your opening line…..”Many American whiskey brands have been dropping age statements as the bourbon boom continues to erode stocks of aged whiskey.”
…is it really the bourbon boom? Or, is it that many of the brands that were once regional….are now national brands or even world wide brands…..and how that is artificially creating an erosion of bourbon stocks.
It is my theory that the main producers are artificially creating a bourbon deficit so that they can charge many times what the bourbon is worth when selling it.
Just imagine…..when a bourbon producer opens up a new state to a label. They will have to supply all the distributors throughout the state with pallets of every size bottle, as well as, stocking every wholesaler with ample supply, as well as, liquor stores, restaurants, bars, hotels, airport lounges, et al….with product and back-up product. That is a large supply of product that sits still for quite a while until time to reorder. Which will potentially eliminate thousands and thousands of barrels out of the aging warehouses. Those barrels that are now eliminated will not be there to supply the regions that used to have ample supply. And when a producer opens up many new states…the problem multiplies. My thought is….that the producers have opened up too many new markets….to which they can’t ever get close to fully supplying them all. Which creates an artificial deficit in supply.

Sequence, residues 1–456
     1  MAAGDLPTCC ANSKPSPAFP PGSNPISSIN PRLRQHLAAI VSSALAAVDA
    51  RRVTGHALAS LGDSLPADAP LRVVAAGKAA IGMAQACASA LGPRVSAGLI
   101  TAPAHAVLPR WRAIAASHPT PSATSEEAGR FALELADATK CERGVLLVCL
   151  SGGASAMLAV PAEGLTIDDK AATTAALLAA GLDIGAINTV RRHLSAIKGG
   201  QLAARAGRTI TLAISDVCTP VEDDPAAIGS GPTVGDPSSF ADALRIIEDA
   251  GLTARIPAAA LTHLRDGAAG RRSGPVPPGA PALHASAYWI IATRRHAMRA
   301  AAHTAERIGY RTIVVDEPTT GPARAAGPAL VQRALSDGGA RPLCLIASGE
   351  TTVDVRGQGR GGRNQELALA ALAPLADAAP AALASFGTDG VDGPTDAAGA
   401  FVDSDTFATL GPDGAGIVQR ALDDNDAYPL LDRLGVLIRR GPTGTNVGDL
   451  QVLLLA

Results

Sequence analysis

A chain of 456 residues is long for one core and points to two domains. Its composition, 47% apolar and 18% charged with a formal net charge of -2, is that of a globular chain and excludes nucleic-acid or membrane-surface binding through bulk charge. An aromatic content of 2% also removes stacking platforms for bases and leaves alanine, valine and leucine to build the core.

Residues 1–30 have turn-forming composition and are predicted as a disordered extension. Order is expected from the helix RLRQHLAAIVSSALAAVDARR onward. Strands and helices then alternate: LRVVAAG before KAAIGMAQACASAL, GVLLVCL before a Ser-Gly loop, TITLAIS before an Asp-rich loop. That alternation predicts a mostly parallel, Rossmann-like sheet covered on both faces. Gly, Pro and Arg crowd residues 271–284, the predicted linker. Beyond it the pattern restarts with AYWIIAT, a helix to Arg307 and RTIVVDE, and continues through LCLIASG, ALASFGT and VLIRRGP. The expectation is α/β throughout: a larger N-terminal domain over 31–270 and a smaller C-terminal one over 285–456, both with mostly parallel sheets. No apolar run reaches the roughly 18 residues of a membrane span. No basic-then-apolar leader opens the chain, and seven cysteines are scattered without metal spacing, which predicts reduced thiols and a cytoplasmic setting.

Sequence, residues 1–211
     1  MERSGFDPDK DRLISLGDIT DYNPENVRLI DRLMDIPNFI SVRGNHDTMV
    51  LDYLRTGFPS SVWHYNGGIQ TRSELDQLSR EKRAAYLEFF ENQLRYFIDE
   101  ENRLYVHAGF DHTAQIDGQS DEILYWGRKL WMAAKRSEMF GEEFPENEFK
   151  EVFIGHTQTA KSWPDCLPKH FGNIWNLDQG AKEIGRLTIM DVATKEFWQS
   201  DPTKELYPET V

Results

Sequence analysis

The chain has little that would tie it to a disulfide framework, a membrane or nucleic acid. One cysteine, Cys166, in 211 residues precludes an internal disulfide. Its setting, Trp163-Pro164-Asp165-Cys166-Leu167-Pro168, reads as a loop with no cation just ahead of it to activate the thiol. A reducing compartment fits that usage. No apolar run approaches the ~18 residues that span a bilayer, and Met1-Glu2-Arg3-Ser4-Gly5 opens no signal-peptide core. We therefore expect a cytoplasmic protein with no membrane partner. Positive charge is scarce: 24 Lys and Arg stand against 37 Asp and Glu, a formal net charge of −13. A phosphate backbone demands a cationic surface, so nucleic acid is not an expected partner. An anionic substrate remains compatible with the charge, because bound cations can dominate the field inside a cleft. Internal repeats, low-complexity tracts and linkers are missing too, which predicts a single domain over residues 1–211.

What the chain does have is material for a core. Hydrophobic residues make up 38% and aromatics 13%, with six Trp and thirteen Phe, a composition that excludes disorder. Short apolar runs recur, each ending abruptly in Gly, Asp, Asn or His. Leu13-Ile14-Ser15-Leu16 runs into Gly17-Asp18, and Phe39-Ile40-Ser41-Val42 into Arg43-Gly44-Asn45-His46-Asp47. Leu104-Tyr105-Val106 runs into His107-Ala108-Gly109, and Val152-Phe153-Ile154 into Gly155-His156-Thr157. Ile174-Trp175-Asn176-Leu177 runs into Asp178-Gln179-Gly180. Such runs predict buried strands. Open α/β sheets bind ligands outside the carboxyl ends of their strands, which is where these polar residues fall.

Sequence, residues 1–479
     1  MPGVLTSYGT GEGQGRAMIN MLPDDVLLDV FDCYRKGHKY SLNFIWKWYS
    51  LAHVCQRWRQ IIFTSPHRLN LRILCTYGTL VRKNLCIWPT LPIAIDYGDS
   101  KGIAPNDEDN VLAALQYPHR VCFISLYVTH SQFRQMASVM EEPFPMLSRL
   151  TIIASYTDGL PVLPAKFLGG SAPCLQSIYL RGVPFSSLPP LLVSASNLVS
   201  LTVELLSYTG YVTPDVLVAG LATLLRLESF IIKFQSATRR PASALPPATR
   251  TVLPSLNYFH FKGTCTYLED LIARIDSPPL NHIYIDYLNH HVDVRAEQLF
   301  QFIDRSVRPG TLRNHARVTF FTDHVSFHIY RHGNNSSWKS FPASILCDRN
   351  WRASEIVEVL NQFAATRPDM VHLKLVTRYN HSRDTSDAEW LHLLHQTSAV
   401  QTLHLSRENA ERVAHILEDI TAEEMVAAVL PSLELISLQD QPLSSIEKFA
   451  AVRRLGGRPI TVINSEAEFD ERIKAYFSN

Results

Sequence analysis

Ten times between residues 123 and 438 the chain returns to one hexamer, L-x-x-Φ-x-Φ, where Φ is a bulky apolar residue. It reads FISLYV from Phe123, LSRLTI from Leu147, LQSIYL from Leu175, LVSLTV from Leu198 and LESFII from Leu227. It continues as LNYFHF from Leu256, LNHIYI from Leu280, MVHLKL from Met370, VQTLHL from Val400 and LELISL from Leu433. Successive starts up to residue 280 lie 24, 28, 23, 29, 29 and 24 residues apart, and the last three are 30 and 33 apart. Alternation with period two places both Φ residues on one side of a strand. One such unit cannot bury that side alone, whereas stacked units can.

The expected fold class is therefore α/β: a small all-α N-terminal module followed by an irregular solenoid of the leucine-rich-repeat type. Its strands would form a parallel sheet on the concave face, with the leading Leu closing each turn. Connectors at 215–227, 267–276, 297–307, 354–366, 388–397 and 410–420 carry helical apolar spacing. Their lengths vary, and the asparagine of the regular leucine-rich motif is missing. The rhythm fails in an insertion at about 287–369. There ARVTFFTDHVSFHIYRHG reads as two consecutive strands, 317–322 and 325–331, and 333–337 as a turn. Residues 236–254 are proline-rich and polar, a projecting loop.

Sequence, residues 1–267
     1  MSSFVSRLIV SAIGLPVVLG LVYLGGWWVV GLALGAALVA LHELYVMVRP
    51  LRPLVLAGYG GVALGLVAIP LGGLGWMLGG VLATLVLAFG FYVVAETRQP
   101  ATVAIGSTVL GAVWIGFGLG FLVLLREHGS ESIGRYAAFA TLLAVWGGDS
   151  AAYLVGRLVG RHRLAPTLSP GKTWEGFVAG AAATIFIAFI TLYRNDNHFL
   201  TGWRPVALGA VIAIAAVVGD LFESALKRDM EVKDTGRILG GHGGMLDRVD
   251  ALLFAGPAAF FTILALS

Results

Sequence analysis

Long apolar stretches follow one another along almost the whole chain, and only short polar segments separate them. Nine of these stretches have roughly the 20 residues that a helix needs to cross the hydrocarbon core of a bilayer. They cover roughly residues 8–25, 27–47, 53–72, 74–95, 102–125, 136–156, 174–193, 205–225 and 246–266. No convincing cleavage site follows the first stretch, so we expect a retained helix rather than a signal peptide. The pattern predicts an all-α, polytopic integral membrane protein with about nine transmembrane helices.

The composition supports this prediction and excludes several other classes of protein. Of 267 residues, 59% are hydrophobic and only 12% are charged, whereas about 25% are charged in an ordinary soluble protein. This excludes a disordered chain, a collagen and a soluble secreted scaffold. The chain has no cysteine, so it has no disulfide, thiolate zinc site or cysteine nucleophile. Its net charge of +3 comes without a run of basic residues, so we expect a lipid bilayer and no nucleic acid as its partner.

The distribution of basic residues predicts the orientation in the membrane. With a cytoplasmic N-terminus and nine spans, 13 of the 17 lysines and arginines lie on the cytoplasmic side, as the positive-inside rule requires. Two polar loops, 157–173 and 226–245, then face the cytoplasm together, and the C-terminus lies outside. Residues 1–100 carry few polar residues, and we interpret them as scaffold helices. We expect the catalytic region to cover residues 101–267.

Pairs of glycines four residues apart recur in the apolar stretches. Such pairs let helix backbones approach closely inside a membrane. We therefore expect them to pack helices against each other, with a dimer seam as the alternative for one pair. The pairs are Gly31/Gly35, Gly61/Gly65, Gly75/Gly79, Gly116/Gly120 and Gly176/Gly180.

I find it strange that age statements began to disappear well before this ‘bourbon boom’ became a thing. If I remember correctly….it started with Buffalo Trace when they brought out their BTAC labels. Those labels sold for….well above the top shelf items price of the day. The initial idea came from the tequila issue that arose from the cactus freeze….when tequila prices spiked and consumers still were willing to buy at the higher price. So, I am thinking this is all just a money grab by the producers who not only control the supply….but try and control price and demand as best they can.
The producers used to have no problem supplying age stated products at a reasonable price. Now, there are almost no age statements…and bourbon is allocated in almost every market, while the prices have sky rocketed.
There are brands that specializing in limited availability; I call that fake allocation and it will be the topic for another blog post. But there is no doubt that overall sales of Bourbon have been increasing for past 10 years.
They’re at it again with Master’s Keep. “Aged 12 to 15 years” Umm, so you mean 12 years…
Good catch. This time on the front label.
Just got an email from Glenlivet inviting me to preorder a whisky called “Code” for $130 that openly boasts that it has no age statement
Important question, which maybe you can answer for me.
One acceptable age statement is Aged _____ years.
What if the bottle says Anejo 12 Anos? Or, Aged 12 Years in Spanish. Does that constitute a legal age statement? Or, must it be in English?
See this FAQ on allowed age statements by the TTB